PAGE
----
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I follow her through the woods, a well-worn path I’ve seen a thousand times. Ferns, lady-slipper, and thistle, the mysterious red flowers dotting the path. Five petals, perfectly formed, like they were made just for us. One petal for the grace year girls, one petal for the wives, one for the laborers, one for the women of the outskirts, and one for her.
The girl looks back at me over her shoulder, giving me that confident grin. She reminds me of someone, but I can’t place the name or the face. Maybe something from a long-forgotten memory, a past life, perhaps a younger sister I never knew. Heart-shaped face, a small red strawberry mark under her right eye. Delicate features, like mine, but there’s nothing delicate about this girl. There’s a fierceness in her steel-gray eyes. Her dark hair is shorn close to her scalp. A punishment or a rebellion, I cannot say. I don’t know her, but strangely enough, I know that I love her. It’s not a love like my father has for my mother, it’s protective and pure, the same way I felt about those robins I cared for last winter.
We reach the clearing, where women from all walks of life have gathered—the tiny red flower pinned above their hearts. There’s no bickering or murderous glares; everyone has come together in peace. In unity. We are sisters, daughters, mothers, grandmothers, standing together for a common need, greater than ourselves.
“We are the weaker sex, weaker no more,” the girl says.
The women answer with a primal roar.
But I’m not afraid. I only feel a sense of pride. The girl is the one. She’s the one who will change everything, and somehow, I’m a part of all this.
“This path has been paved with blood, the blood of our own, but it was not in vain. Tonight, the grace year comes to an end.”
As I expel the air from my lungs, I find myself not in the woods, not with the girl, but here, in this stifling room, in my bed, my sisters glaring down at me.
“What did she say?” my older sister Ivy asks, her cheeks ablaze.
“Nothing,” June replies, squeezing Ivy’s wrist. “We heard nothing.”
As my mother enters the room, my little sisters, Clara and Penny, poke me out of bed. I look to June to thank her for quelling the situation, but she won’t meet my gaze. She won’t or she can’t. I’m not sure what’s worse.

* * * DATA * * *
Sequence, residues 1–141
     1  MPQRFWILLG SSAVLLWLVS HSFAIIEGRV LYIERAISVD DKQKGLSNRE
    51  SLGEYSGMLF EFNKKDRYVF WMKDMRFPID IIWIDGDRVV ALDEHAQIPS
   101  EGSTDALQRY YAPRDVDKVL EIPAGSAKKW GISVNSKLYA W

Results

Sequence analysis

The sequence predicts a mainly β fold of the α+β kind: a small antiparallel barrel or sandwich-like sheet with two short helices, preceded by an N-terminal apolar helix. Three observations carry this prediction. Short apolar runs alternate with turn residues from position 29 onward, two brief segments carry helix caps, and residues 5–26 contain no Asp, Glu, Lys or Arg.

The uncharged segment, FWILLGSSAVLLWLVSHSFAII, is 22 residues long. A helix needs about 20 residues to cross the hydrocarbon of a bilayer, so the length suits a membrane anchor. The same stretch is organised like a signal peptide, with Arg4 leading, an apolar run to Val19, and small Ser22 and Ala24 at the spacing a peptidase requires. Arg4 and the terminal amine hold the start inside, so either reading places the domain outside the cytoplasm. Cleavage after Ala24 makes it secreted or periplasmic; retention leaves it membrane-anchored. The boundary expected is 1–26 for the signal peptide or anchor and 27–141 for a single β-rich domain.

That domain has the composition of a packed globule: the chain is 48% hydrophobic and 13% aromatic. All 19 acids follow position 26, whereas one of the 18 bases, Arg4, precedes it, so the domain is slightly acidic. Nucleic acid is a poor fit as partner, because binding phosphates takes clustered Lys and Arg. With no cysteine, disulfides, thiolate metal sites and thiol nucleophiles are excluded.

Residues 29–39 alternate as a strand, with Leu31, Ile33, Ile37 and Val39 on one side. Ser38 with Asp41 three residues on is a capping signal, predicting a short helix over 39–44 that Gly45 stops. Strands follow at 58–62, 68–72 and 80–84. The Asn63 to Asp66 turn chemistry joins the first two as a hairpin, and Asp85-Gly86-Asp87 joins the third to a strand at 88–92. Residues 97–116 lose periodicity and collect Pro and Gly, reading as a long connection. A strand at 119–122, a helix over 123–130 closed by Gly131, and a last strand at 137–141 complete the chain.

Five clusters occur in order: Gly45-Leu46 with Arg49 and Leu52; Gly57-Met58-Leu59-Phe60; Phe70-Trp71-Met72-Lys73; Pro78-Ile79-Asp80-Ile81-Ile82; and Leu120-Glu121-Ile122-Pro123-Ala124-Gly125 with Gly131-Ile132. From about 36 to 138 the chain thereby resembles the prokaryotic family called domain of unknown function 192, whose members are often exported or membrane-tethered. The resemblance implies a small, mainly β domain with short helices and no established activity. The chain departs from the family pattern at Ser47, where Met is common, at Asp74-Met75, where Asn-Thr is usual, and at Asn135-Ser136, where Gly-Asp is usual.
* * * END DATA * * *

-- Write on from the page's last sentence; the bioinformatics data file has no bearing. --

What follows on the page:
We’re not allowed to dream. The men believe it’s a way we can hide our magic. Having the dreams would be enough to get me punished, but if anyone ever found out what the dreams were about, it would mean the gallows.
My sisters lead me to the sewing room, fluttering around me like a knot of bickering sparrows. Pushing. Pulling.
“Ease up,” I gasp as Clara and Penny yank on the corset strings with a little too much glee. They think this is all fun and games. They don’t realize that in a few short years, it will be their turn. I swat at them. “Don’t you have anyone else to torture?”
“Stop your fussing,” my mother says, taking out her frustration on my scalp as she finishes my braid. “Your father has let you get away with murder all these years, with your mud-stained frocks, dirt under your nails. For once, you’re going to know what it feels like to be a lady.”
“Why bother?” Ivy flaunts her growing belly in the looking glass for all of us to see. “No one in their right mind would give a veil to Tierney.”
“So be it,” my mother says as she grabs the corset strings and pulls even tighter. “But she owes me this.”
I was a willful child, too curious for my own good, head in the clouds, lacking propriety … among other things. And I will be the first girl in our family to go into her grace year without receiving a veil.
My mother doesn’t need to say it. Every time she looks at me I feel her resentment. Her quiet rage.
“Here it is.” My oldest sister, June, slips back into the room, carrying a deep-blue raw-silk dress with river-clam pearls adorning the shawl neckline. It’s the same dress she wore on her veiling day four years ago. It smells of lilac and fear. White lilac was the flower her suitor chose for her—the symbol of early love, innocence. It’s kind of her to let me borrow it, but that’s June. Not even the grace year could take that away from her.
All the other girls in my year will be wearing new dresses today with frills and embroidery, the latest style, but my parents knew better than to waste their resources on me. I have no prospects. I made damn sure of that.
There are twelve eligible boys in Garner County this year—boys born into families that have standing and position. And there are thirty-three girls.